HomemarketingCumulative Layout Shift (CLS) may gain more weight in overall Google Core...

Cumulative Layout Shift (CLS) may gain more weight in overall Google Core Web Vitals or maybe not…

Google is updating its Lighthouse 10 tool to remove one of the overall Core Web Vitals metrics, Time To Interactive (TTI).

Google will be assigning the TTI weight to Cumulative Layout Shift (CLS), which will give CLS a total of 25% of the overall performance score.

TTI is not a Core Web Vitals metric used in Search Console or ranking, but it was used in Lighthouse, Google’s developer tool.

What Google said. Google posted on its Chrome developer blog:

“The venerable Time To Interactive (TTI) metric is being removed in Lighthouse 10, concluding the deprecation process started in Lighthouse 8. TTI’s 10% score weight is shifting to Cumulative Layout Shift (CLS), which will now account for 25% of the overall performance score.”

– Brendan Kenny, What’s new in Lighthouse 10

Does it matter for ranking? Technically, this might have zero impact on overall rankings in Google Search. Core Web Vitals is a minimal ranking factor in general and the current Core Web Vitals includes largest contentful paint (LCP), first input delay (FID), and cumulative layout shift (CLS). TTI is not included.

Lighthouse 10 changing. Just the Lighthouse tool is changing. The scores you see in Google Search Console specifically likely won’t change related to TTI being removed. Now, Lighthouse 10 will assign the weights as follows:

  • Total blocking time 30%
  • Cumulative layout shift 25%
  • Largest contentful paint 25%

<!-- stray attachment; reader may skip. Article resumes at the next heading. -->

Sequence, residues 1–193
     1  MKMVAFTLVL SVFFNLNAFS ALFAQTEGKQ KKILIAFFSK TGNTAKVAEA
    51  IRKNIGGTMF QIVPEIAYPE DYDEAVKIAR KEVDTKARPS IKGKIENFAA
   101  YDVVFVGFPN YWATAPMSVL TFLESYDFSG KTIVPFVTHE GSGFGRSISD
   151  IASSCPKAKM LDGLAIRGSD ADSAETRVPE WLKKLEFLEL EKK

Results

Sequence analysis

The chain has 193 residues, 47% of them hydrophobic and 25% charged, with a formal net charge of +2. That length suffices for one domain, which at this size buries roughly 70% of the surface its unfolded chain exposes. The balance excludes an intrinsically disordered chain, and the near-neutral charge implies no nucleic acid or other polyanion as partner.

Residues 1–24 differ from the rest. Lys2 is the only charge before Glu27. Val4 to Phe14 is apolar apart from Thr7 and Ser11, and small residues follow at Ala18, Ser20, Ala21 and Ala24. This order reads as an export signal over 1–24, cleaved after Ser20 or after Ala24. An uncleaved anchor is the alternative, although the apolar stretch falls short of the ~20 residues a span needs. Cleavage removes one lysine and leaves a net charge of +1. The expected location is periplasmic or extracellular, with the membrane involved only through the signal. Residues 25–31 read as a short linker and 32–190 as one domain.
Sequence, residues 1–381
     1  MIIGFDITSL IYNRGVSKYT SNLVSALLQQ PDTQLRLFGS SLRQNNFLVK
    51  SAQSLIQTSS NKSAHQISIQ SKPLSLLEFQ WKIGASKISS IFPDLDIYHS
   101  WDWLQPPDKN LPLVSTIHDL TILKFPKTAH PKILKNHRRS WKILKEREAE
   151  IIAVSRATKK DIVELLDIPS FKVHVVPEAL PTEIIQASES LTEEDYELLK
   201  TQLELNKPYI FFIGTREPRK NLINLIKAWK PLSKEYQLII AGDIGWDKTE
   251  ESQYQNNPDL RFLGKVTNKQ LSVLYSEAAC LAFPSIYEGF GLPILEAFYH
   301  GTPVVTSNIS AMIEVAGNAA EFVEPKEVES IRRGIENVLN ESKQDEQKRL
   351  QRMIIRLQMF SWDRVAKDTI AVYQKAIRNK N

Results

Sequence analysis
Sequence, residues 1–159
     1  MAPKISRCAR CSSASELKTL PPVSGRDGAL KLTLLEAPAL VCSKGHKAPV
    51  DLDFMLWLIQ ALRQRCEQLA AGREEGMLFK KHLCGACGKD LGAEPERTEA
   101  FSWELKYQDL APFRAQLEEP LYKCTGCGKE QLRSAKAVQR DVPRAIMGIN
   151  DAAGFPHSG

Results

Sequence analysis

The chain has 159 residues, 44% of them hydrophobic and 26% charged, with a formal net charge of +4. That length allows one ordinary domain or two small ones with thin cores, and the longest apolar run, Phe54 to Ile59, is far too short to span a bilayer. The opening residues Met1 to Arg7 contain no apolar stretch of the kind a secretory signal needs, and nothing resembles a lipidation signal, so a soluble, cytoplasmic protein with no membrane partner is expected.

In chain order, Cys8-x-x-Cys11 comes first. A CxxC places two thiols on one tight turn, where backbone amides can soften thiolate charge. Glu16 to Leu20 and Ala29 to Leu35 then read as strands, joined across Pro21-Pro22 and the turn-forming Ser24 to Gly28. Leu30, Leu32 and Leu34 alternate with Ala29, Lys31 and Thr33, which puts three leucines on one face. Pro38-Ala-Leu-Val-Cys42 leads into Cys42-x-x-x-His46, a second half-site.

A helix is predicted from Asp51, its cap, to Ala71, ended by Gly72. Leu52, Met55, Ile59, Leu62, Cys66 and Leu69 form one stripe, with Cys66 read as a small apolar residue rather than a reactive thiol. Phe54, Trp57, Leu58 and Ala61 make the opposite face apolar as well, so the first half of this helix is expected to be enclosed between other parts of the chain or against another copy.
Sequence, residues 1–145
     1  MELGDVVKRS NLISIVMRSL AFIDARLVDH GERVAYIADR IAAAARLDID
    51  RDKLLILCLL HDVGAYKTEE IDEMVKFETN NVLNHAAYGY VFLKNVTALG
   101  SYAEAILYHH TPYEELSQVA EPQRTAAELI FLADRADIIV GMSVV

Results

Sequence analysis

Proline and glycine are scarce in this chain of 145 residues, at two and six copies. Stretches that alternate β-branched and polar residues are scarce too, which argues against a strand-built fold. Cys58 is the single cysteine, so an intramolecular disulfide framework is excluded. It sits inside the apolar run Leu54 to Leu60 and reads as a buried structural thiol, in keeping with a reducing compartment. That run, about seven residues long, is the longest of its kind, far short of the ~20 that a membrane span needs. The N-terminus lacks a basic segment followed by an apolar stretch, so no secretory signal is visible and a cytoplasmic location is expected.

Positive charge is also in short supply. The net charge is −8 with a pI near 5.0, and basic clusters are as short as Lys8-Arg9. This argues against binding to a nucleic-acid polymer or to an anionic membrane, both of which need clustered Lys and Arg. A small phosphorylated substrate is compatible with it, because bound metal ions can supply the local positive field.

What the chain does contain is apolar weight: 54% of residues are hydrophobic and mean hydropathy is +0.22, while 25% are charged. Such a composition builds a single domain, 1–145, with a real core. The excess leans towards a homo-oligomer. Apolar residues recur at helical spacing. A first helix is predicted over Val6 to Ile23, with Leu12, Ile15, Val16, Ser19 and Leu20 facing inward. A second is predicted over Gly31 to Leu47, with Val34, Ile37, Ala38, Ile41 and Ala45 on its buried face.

• Speed index 10%
  • First contentful paint 10%

What are Core Web Vitals? It is a set of metrics Google introduced in 2020. Google defines it as:

“The subset of Web Vitals that apply to all web pages, should be measured by all site owners, and will be surfaced across all Google tools. Each of the Core Web Vitals represents a distinct facet of the user experience, is measurable in the field, and reflects the real-world experience of a critical user-centric outcome.”

The current set of Core Web Vitals focuses on three aspects of the user experience – loading, interactivity, and visual stability – and includes the following metrics (and their respective thresholds):

Google Core Web Vitals 1590577793 800x232

LCD, FID and CLS. Here are the thresholds for largest contentful paint, first input delay and cumulative layout shift:

  • LCP: measures loading performance. To provide a good user experience, LCP should occur within 2.5 seconds of when the page first starts loading.
  • FID: measures interactivity. To provide a good user experience, pages should have a FID of less than 100 milliseconds.
  • CLS: measures visual stability. To provide a good user experience, pages should maintain a CLS of less than 0.1.

More details. Google has a help document for this specific report.

Google said that this report is based on three metrics: LCPFID, and CLS. If a URL does not have a minimum amount of reporting data for any of these metrics, it is omitted from the report. Once a URL has a threshold amount of data for any metric, the page status is the status of its most poorly performing metric.

Status metrics are evaluated against the following boundaries:

  Good Need improvement Poor
LCP <=2.5s <=4s >4s
FID <=100ms <=300ms >300ms
CLS <=0.1 <=0.25 >0.25

Why we care. I asked Google if there will be any changes related to rankings with this change but it seems unlikely. It is worth noting that Google, in general web development, does not care about TTI anymore but does care more about CLS.

So if you see these changes in Lighthouse, just keep these in mind.



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